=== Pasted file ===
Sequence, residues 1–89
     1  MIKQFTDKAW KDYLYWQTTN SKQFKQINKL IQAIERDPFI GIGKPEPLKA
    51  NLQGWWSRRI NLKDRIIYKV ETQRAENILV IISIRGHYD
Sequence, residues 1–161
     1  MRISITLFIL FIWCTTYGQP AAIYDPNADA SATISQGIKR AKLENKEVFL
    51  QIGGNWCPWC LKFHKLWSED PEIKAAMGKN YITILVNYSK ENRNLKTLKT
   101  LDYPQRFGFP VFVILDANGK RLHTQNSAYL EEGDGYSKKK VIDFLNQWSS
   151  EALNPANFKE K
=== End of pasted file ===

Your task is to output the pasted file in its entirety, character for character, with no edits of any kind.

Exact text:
Sequence, residues 1–89
     1  MIKQFTDKAW KDYLYWQTTN SKQFKQINKL IQAIERDPFI GIGKPEPLKA
    51  NLQGWWSRRI NLKDRIIYKV ETQRAENILV IISIRGHYD
Sequence, residues 1–161
     1  MRISITLFIL FIWCTTYGQP AAIYDPNADA SATISQGIKR AKLENKEVFL
    51  QIGGNWCPWC LKFHKLWSED PEIKAAMGKN YITILVNYSK ENRNLKTLKT
   101  LDYPQRFGFP VFVILDANGK RLHTQNSAYL EEGDGYSKKK VIDFLNQWSS
   151  EALNPANFKE K